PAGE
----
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Garlic Scapes: A Culinary Treasure

Decorative Garlic ScapeEver notice the curly pig tailed shaped stem that tops hard neck garlic plants? It’s called a scape, and it appears about a month or so before it’s time to harvest those robust bulbs below. Scapes are soft, lime green, leafless and at the end of each of them is a tightly closed flower bud.

If you leave the scape on the plant a flower grows and blooms, which eventually produces hard seed. Since the bulbs are what we consume, garlic growers often cut off the scape, which prevents the flower from developing and draining nutrients from the plant. Removing the scape directs the plant to send its energy into the bulbs so that they continue to increase in size and flavor.

To cut off the scape wait until the center stalk completely forms and grows above the rest of the plant. It will begin to curl, make a loop and then turn upwards. At this stage, cut the scape off at the top of the plant leaving the central stalk and leaves behind.

What you’re left holding is a much sought after and treasured culinary delight – an aromatic herb and veggie all in one. Scapes are edible. They taste mild and sweet with a hint of the garlicky flavor that the bulb below ground promises. Use scapes in stir-fries, grill them up as a side dish, dress a salad or blend into a pesto to use on pasta, pizza and crackers. However you make use of the scapes, a delicious appetizer, lunch or supper surely awaits.

Garlic scapes keep in the fridge in a plastic zip bag for 2-3 weeks. They’ll stay fresh and look beautiful for a few days in a glass of cool water on the kitchen counter. Just remember to change the water daily.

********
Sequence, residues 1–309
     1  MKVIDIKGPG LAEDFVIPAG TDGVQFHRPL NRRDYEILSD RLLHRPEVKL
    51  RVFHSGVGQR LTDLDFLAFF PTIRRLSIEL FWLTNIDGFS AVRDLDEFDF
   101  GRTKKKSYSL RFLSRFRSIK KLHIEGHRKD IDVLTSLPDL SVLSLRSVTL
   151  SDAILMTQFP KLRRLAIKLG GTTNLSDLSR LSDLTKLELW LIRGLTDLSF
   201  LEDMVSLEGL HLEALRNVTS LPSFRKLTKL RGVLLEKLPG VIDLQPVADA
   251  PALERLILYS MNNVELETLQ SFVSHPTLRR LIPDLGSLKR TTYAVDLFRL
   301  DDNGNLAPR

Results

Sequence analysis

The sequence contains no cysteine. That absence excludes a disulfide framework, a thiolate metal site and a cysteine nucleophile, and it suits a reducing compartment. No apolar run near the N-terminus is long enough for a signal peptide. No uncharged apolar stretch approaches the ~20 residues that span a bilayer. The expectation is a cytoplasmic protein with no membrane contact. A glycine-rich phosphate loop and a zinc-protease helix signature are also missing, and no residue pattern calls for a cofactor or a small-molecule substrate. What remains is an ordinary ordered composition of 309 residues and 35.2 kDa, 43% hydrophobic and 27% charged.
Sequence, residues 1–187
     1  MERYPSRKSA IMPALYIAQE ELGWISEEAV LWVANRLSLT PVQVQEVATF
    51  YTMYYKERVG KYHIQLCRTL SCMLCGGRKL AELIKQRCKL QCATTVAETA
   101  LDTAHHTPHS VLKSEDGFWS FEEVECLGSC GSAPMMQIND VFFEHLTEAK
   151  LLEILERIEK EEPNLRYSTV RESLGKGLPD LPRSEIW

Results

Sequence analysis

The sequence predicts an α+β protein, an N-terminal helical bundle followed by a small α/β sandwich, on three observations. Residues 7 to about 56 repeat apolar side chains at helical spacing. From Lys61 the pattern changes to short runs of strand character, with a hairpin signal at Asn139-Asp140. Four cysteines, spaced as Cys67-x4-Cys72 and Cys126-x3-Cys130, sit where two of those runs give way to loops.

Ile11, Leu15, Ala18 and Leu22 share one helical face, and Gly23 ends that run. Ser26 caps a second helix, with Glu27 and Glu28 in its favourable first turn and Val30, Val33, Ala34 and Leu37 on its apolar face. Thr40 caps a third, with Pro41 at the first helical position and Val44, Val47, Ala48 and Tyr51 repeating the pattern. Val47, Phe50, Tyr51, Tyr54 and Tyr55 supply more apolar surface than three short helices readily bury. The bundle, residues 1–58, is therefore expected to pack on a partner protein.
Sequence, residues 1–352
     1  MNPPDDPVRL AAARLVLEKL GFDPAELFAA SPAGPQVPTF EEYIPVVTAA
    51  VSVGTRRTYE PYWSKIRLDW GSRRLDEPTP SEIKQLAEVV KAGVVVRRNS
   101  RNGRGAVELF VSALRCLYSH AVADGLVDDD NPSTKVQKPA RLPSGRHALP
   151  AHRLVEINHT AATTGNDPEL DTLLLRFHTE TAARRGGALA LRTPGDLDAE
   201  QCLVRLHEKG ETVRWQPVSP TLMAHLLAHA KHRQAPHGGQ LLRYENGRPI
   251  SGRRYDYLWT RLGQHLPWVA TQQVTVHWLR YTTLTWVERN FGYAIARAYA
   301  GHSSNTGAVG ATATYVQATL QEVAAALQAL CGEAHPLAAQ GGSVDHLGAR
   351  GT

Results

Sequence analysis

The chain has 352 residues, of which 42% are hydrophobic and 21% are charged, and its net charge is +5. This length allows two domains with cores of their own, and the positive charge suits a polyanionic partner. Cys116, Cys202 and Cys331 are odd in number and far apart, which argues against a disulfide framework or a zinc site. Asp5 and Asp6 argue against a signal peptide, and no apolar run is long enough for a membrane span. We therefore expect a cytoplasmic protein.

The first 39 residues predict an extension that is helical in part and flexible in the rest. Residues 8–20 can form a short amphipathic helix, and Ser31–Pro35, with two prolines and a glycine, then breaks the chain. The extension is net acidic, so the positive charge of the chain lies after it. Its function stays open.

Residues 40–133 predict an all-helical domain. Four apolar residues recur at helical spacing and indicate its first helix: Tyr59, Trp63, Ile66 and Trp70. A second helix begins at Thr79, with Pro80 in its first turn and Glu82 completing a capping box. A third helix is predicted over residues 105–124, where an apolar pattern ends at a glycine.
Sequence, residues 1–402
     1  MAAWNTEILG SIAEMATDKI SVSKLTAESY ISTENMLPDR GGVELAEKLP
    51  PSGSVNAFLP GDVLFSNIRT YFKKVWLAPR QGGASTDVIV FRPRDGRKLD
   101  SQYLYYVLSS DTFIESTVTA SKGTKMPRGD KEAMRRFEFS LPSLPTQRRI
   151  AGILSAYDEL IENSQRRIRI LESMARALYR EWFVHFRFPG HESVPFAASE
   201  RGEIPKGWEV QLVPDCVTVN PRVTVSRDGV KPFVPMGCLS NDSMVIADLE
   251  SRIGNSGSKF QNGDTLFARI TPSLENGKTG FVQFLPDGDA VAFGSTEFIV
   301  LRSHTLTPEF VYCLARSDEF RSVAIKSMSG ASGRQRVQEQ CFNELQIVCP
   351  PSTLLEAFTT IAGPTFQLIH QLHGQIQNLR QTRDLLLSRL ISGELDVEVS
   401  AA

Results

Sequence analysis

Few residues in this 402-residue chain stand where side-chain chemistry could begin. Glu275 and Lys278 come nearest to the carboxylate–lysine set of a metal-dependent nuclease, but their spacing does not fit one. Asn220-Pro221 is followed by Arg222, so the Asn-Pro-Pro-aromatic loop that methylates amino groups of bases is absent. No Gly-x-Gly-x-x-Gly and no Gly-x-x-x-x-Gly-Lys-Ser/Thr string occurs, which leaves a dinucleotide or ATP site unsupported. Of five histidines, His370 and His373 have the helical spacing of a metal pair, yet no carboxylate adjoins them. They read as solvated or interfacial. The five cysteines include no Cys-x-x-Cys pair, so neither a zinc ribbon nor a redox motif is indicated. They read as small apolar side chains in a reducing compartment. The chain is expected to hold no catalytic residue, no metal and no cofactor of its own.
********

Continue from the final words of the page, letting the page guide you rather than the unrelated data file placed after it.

They also make a fun addition to summer cut flowers too.

Oh, one more thing; not all scapes are ready at the same time, so visit your garlic patch often!

Ever notice the curly pig tailed shaped stem that tops hard neck garlic plants? It’s called a scape, and it appears about a month or so before it’s time to harvest those robust bulbs below. Scapes are soft, lime green, leafless and at the end of each of them is a tightly closed flower bud.

 

Decorative Garlic Scape

If you leave the scape on the plant a flower grows and blooms, which eventually produces hard seed. Since the bulbs are what we consume, garlic growers often cut off the scape, which prevents the flower from developing and draining nutrients from the plant. Removing the scape directs the plant to send its energy into the bulbs so that they continue to increase in size and flavor.

To cut off the scape wait until the center stalk completely forms and grows above the rest of the plant. It will begin to curl, make a loop and then turn upwards. At this stage, cut the scape off at the top of the plant leaving the central stalk and leaves behind.

What you’re left holding is a much sought after and treasured culinary delight – an aromatic herb and veggie all in one. Scapes are edible. They taste mild and sweet with a hint of the garlicky flavor that the bulb below ground promises. Use scapes in stir-fries, grill them up as a side dish, dress a salad or blend into a pesto to use on pasta, pizza and crackers. However you make use of the scapes, a delicious appetizer, lunch or supper surely awaits.

Garlic scapes keep in the fridge in a plastic zip bag for 2-3 weeks. They’ll stay fresh and look beautiful for a few days in a glass of cool water on the kitchen counter. Just remember to change the water daily.

They also make a fun addition to summer cut flowers too.

Oh, one more thing; not all scapes are ready at the same time, so visit your garlic patch often!

For your culinary enjoyment:

Garlic Scape Pesto

Making garlic scape pesto is popular because it can be frozen and stored away until mid-winter. It makes a wonderful, aromatic addition to fresh cooked pasta.

  • ¼ c. pine nuts or pecans
  • ¾ c. coarsely chopped garlic scapes
  • Juice and zest of ½ lemon
  • Fresh ground black pepper
  • ½ c extra virgin olive oil
  • ¼ c. grated parmigiana or asiago cheese

In a small dry pan set over very low heat, lightly toast the pine nuts or pecans, stirring or tossing the nuts until they just begin to brown, about 2-3 minutes.

Combine scapes, nuts, olive oil, lemon juice and zest, salt and pepper in a blender or food processor fitted with a blade attachment. Pulse until well combined and the olive oil is completely absorbed. Makes approximately 1½ cups.

If you’re planning to enjoy fresh pesto, stir in the cheese and it’s ready to accompany pasta or top your favorite cracker. If you’re freezing pesto, hold off on the cheese, adding it after it’s been defrosted.

Garlic Allium Sativum Buiten Snape
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